The next day, Zoë was kind enough to wake us at about 7 am, just in time to get ready, call both sets of grandparents, and eat our free buffet breakfast before catching the shuttle to Disneyland. The bad weather followed us again and it was raining (and continued to off and on all day).

We caught the shuttle and were dropped off at the entry walkway to the park. As we walked up, we were impressed at the beautiful Disneyland Hotel that had a massive Mickey Mouse Clock at its pinnacle. To enter Disneyland you actually walk under the hotel. Someday we will have to pay the probable small fortune to get a room there. Zoë is fascinated with clocks right now, so she yelled “o’clock” the whole time she was running up to the entrance.

All in all, we had an amazing time at Disneyland Paris. We rode all the fantasyland rides first, as it was Zoë’s birthday, we rode Pirates of the Caribbean, we took turns riding Space Mountain 2, and we walked around a lot and tried to find edible food and alcoves to keep out of the rain.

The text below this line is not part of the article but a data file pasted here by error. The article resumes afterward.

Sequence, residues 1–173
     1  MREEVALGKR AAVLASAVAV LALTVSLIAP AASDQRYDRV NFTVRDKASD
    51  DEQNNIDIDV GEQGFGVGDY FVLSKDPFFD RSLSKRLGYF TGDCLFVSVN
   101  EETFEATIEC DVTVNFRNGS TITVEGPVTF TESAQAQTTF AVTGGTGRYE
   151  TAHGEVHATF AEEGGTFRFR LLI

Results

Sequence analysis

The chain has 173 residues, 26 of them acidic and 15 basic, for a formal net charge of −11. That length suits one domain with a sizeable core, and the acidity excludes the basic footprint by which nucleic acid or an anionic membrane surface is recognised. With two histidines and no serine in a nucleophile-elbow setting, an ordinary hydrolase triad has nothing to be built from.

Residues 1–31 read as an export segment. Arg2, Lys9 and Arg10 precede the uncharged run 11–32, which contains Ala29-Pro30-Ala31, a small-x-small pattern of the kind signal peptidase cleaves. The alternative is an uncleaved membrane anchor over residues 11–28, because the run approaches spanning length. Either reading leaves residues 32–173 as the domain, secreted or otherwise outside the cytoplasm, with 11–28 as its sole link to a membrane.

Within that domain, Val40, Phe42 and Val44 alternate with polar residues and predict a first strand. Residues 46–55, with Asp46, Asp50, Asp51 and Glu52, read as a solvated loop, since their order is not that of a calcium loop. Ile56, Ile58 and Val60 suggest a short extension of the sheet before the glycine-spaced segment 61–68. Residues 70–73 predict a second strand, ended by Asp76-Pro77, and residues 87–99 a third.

There are five things that I felt made Disneyland Paris a bit disappointing:

1) Cigarette Smoking Everywhere.

To most of us Americans, smoking cigarettes around children is a big no-no. I personally do not worry too much about second hand smoke in an outdoor area, but the amount of cigarette smoking in the park was sometimes overwhelming. The funny part about it is that there are designated smoking areas, and the park rules state that smoking is not allowed except for in those areas. Regardless of the rules, people will literally take their children on a ride, get them back in their stroller and light up a cigarette.

If you are coming straight from somewhere like California,where smoking is pretty much taboo, the smell of smoke could be upsetting, but if you have been in Europe for any period of time it probably won’t bother you as much, as smoking is prevalent everywhere in Europe.

2) Lack of staff.

This ties in a bit to number one of this list, the lack of staff makes it impossible to enforce the rules of the park. There were people smoking everywhere and children in areas that were cordoned off, where in the American Disney parks they would be asked to leave the area.